Hands on with Metro Exodus: Post-apoca-lovely
Exodus is the post-apocalyptic substitute for disappointed dwellers.
Though decades of gaming have desensitised me to violence and horror, Metro Exodus ratcheted up my blood pressure like a ghetto, pneumatic sniper rifle cranked to full. I challenge you not to feel the same when the scorpion-spiders come at you. Especially if you're in the pitch-dark, when your gasmask and lamp battery run empty, right as your ammo dwindles down to "harsh language only." The faint of heart will not want a ticket for this train ride.
Emergent moments like these elevate Exodus from a great shooter to a breathtaking one
The resourceful will. Even in your direst moments, Metro Exodus will always offer you the tools and mechanics needed to dig yourself out of the worst situations imaginable. In the above instance, I planted my kidneys to a wall and discovered I could not only keep the spiderlings at bay but also burn their movement-hampering webs with my lit Zippo lighter. This created a short window of time to hand-crank my batteries back to half power and shift back onto the offensive.
Choking on polluted bunker air, I made my last stand, burning the light-phobic beasts with my shoulder lamp. Once they were smouldering husks, my penultimate breath was spent crafting a new filter for my mask. I slapped it on seconds before asphyxiation took me. It's emergent moments like these that elevate Exodus from a great shooter to an (almost) breathtaking one.
And that's just the underground stuff I did (which is traditionally the bread and butter gameplay of this claustrophobic, subway sneaking series). Exodus will impress you, even more, when developer 4A takes the blinkers off and throws you topside. Anybody who keeps up with Exodus's E3 reveals will have already seen the vast, frigid sandboxes of irradiated Mother Russia; a cultist and mutant-filled snowbox that I happily traipsed through for my demo session entree. Admittedly, I didn't see many new things here, I just confirmed suspicions. Yep, the guns felt as meaty as the E3 footage suggested. Also, the stealth mechanics and AI were on-point, too.
Honestly, I only jotted down one concern in my notes. Though it's pretty much par for the course with the Metro series, the incidental English voice actors are still not amazing. This isn't a huge deal-breaker if you simply play with Russian voiceover and subtitles instead. Trust me, it feels so much more authentic anyway.
It's hard to gauge how good the car handling is right now
The second area I explored was the sort of post-apocalyptic dustbowl straight from George Miller's dreams. Picture an open environment that's wider still and supports a first for the franchise: drivable rust-bucket cars. Sadly, what was on offer was the skeleton of a Volkswagen Van. That's not exactly Max Rockatansky's Last V8 Interceptor, so it's hard to gauge how good the car handling is right now or how useful vehicles will be as a combat option in the final game. So yeah, my joy ride was acceptable at best. The physics are halfway between fun and utilitarian, though I did have a laugh when turning mutants into hood ornaments.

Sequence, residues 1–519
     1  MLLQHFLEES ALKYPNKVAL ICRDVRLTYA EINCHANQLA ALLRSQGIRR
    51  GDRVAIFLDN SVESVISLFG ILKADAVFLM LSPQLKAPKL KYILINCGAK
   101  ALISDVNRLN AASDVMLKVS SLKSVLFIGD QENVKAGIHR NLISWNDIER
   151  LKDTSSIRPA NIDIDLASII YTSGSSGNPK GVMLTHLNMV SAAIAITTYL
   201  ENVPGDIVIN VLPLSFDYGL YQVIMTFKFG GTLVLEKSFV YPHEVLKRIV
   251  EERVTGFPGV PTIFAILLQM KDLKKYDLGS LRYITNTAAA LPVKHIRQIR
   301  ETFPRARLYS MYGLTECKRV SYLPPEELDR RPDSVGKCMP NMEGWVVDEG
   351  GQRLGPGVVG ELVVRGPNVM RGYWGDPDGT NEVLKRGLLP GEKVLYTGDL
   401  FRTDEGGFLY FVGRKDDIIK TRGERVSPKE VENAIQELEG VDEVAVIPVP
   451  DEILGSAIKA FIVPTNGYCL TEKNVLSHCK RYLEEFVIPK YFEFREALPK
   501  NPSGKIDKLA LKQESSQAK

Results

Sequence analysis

As my time in this old-world oilfield continued, I deliberately ignored my main objective to see what side dishes were being served up. Tucked away in a far-flung canyon, I discovered a beached slaver ship filled with a weird little BDSM cult of masters and underlings. My snooping was well rewarded with materials to craft with, creepy environmental storytelling, claustrophobic firefights and "the Captain's" gatling gun. It was a double-barrelled thing of beauty, I tell you.
Returning back to the main path, my time in this level wrapped with some classic underground Metro action, basically, the stuff mentioned in the intro of this piece. It's still super intense and gratifying dungeon crawling that rewards your resourcefulness just as much as it will your reflexes. Have no fear, traditionalists. Exodus may unearth you from your precious subway tunnels for a road trip, but its sub-level game is still top notch.
Jumping ahead, the final area of my session revealed a gobsmackingly lush forest/riverlands sandbox. Admittedly, it felt more hemmed in than the previous locale (because Artyom isn't much of a swimmer) and 4A decided to pull a Metroid on me by swiping most of my gear in a scripted event. Put on the back foot and forced to gauge the intentions of a local tribe of not-quite-bandits, I quite enjoyed being vulnerable again. When there are mutated bears fighting packs of irradiated direwolves around you (and all you're packing is a single shot crossbow), I guarantee you'll be on the edge of your seat.
For me, this small slice of gameplay confirmed that Metro Exodus is what I hoped it would be: a palate cleanser for the series, both visually and mechanically. That said, 4A has struck a balance and ensured that diehard urban explorers won't have too much cause for separation anxiety. When Fallout 76 came out recently and (nuclear) bombed, I felt robbed of a great post-apocalyptic experience. Metro Exodus is shaping up to be the substitute so desperately needed right now.
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